CLIMACTERICK, CLIMACTERICAL. adj. {from climacter} Containing a certain number of years, at the end of which some great change is supposed to befal the body. [Cited occurrences:] Certain observable years are supposed to be attended with some considerable change in the body ; as the seventh year ; the twenty-first, made up of three times seven ; the forty-ninth, made up of seven times seven ; the sixty third, being nine time seven ; and the eighty-first, which is nine times nine : which to last are called the grand climactericks. [Brown] The numbers seven and nine, multiplied into themselves, do make up sixty-three, commonly esteemed the great climacterical of our lives. [Brown] Your lordship being now arrived at your grand climacterique, yet give no proof of the least decay of your excellent judgment and comprehension. [Dryden] My mother ois something better, tho', at her advanced age, every day is a climacterick.

Johnson's reference to "Brown's Vulgar Errours" is to Thomas Browne, Pseudodoxia Epidemica, or Enquiries into very many received tenets and commonly presumed truths, first published in 1646, which devotes an entire chapter to "The Great Climacterical Year, that is, Sixty-three."

The first full-size Merriam-Webster dictionary to explicitly associate climacteric with menopause is also the first such dictionary to include an entry for menopause—and even in this instance the actual connection is made not in the entry for climacteric but in a subentry for change of life under longer entry for the noun change, in Webster's International Dictionary (1890):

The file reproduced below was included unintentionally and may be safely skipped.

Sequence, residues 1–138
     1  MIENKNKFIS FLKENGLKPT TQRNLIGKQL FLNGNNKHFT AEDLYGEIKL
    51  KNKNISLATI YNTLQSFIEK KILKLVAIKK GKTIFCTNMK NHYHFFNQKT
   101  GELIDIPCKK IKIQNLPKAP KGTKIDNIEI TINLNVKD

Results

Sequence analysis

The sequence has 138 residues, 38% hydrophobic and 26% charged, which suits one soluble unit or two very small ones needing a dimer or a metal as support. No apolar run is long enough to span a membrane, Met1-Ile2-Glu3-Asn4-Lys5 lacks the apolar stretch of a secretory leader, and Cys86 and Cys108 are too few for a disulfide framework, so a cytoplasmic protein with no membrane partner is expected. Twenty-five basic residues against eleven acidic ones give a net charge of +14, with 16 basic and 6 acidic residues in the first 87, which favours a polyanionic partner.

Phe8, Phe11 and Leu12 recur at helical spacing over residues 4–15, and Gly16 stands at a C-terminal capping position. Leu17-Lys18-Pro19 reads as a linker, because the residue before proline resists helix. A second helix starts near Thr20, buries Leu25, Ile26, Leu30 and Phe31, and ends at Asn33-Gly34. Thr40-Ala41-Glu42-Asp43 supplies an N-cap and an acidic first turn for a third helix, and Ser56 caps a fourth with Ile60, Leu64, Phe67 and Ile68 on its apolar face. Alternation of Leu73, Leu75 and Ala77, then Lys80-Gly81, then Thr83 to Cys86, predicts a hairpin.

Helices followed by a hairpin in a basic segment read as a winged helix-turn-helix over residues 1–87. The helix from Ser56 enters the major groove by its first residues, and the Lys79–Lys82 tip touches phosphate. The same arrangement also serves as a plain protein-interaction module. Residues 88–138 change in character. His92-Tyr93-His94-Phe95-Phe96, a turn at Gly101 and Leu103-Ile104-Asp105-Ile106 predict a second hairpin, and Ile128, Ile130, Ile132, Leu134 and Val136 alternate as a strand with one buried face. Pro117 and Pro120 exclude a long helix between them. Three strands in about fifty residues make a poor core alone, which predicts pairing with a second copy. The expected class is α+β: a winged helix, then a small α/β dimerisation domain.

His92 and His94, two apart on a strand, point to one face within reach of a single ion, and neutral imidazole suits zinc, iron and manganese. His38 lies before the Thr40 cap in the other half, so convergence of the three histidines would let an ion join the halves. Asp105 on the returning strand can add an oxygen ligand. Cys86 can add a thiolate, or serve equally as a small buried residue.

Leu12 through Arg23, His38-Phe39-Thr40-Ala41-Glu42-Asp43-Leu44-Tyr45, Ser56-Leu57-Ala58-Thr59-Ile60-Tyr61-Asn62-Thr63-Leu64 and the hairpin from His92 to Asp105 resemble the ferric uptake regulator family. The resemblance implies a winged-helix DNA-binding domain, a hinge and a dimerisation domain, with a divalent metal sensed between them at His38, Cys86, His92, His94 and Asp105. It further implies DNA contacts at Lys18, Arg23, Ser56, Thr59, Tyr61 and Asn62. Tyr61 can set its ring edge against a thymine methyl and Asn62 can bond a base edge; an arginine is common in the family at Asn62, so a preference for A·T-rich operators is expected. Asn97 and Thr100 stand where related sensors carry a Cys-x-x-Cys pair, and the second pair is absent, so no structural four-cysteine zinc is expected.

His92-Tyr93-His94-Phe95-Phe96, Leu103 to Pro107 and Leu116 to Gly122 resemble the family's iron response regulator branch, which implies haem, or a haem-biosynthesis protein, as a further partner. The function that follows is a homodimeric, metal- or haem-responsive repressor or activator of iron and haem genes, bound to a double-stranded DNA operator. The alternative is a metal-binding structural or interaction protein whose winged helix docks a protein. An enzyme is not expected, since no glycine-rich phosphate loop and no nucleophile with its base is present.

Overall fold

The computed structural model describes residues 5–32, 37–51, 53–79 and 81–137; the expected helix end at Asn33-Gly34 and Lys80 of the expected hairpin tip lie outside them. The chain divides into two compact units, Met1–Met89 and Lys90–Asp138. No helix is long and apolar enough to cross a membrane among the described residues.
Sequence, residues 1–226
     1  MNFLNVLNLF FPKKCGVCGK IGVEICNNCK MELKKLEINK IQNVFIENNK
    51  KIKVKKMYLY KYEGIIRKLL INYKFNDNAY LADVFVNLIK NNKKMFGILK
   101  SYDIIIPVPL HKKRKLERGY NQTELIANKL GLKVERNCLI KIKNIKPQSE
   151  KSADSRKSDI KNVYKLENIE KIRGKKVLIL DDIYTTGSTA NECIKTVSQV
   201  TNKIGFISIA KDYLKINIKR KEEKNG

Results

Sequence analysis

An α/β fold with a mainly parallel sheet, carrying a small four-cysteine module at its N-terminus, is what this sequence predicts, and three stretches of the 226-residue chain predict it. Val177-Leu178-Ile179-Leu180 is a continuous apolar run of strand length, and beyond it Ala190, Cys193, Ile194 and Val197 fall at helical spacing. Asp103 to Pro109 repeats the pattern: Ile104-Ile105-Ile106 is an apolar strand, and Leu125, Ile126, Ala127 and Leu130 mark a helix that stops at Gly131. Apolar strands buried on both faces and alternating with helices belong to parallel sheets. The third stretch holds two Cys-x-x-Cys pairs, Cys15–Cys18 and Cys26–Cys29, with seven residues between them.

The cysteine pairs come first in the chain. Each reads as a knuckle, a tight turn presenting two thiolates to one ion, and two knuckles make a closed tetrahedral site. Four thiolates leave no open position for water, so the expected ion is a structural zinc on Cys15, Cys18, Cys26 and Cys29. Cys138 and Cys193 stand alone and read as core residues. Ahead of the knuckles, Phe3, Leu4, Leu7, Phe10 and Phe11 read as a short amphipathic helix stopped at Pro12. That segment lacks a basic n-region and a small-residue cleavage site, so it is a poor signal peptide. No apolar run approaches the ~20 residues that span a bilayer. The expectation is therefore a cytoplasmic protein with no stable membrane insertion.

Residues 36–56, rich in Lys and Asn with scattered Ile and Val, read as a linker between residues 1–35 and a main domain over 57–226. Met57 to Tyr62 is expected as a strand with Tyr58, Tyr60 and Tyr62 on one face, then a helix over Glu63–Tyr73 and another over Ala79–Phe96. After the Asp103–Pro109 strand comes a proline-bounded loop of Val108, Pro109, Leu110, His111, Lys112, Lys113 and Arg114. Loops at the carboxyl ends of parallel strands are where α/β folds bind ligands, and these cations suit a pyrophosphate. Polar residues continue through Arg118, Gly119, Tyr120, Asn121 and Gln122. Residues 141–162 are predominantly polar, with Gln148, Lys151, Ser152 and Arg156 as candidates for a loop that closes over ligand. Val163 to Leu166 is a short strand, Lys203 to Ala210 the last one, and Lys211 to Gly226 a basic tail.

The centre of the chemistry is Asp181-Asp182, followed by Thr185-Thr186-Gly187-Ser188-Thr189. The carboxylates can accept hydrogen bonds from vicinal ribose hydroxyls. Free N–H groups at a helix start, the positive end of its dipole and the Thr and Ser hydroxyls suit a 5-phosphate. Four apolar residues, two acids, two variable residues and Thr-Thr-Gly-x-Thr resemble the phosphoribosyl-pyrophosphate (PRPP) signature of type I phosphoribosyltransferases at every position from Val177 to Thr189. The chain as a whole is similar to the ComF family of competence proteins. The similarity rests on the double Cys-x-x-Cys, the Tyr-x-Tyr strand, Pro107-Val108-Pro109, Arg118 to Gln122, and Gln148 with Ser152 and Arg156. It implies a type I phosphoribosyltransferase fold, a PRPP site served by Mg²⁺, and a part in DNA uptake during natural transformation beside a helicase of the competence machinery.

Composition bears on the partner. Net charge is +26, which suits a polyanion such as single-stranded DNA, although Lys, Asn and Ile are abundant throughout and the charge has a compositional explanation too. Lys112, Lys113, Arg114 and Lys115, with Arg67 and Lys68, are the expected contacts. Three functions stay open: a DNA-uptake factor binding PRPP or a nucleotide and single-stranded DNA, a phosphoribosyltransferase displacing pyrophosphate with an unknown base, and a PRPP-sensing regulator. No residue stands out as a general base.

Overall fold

Change of life, the period in the life of a woman when menstruation and the capacity for conception cease, usually occurring between forty-five and fifty years of age ; — called also menopause, climacteric, turn of life, etc.**

This dictionary's entries for climacteric aren't exactly direct on the menopause front:

Climacteric a. Relating to a climacteric; critical.

Climacteric n. 1. A period in human life in which some great change is supposed to take place in the constitution. The critical periods are thought by some to be the years produced by multiplying 7 into the odd numbers 3, 5, 7, and 9; to which others add the 81st year. 2. Any critical period.

But its entry for menopause is plain and to the point:

Menopause n. (Med.) The period of natural cessation of menstruation. See Change of life, under CHANGE.